Barriers to leisure-time physical activity during the covid-19 pandemic: results from the longitudinal study of adult health (elsa-brasil)
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Instituto Gonçalo Moniz - FIOCRUZ Rua Waldemar Falcão 121 - Candeal Brazil
Instituto Gonçalo Moniz - FIOCRUZ Rua Waldemar Falcão, 121 - Candeal Brazil
Universidade Federal da Bahia
Universidade Federal da Bahia Brazil
Universidade do Porto Portugal
Universidade Estadual de Feira de Santana
Universidade Estadual do Sudoeste da Bahia Brazil
Publication date: 2023-04-26
Popul. Med. 2023;5(Supplement):A538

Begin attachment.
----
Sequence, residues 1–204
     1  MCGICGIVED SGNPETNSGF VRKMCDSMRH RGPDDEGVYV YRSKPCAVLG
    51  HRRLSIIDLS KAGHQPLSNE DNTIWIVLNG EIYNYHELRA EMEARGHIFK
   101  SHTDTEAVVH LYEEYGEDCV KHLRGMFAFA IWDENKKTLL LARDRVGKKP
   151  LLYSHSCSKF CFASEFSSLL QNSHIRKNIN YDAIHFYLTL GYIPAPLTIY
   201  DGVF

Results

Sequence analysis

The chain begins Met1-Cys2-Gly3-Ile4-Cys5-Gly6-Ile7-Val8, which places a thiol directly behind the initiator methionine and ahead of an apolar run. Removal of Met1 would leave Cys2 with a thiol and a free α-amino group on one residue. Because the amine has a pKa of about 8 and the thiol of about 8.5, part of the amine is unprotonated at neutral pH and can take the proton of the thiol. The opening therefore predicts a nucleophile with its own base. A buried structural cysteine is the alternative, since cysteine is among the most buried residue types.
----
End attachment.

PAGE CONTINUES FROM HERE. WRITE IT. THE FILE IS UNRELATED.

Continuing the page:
Physically inactive populations are more exposed to the occurrence of chronic non-communicable diseases and to a higher risk of complications from COVID-19. During the pandemic, health behaviours in the adult population changed, including the practice of leisure-time physical activity (LTPA). The objective of this work is to identify barriers to the practice of physical activity in leisure-time during the COVID-19 pandemic. In 2020, a survey on COVID-19 was carried out with participants from ELSA-Brasil. 5,639 civil servants from 5 Brazilian teaching and research institutions were interviewed, and 57.7% of whom were women. The median age was 59 years. LTPA during the period of social distancing was reported by 46.2% of the participants, however, 19.0% of those who did it in the pre-pandemic period stopped doing it. Among those engaged, 53.0% were women, half of them were married, 30.2% cared for children or the elderly, 71.3% reported meeting the recommendations to stay/work at home and 46.5% increased weight. Among the physically inactive, 45.0% were married, 70.1% complied with the recommendations to stay/work at home, 37.5% took care of children or the elderly, 50.8% gained weight and 97.6% performed housework. The profile of men is similar except that around 80.0% of them, active or inactive, were married. According to the results, the COVID-19 pandemic decreased the practice of LTPA among study participants. The inactive men and women performed more household chores, took care of children and the elderly and had an economic impact on the family, whether due to the loss of a source of income or because a member was left without a job, constituting possible barriers to the practice of LTPA. This finding could be used in the elaboration of policies aimed at promoting health by focusing on different aspects of barriers to LTPA.
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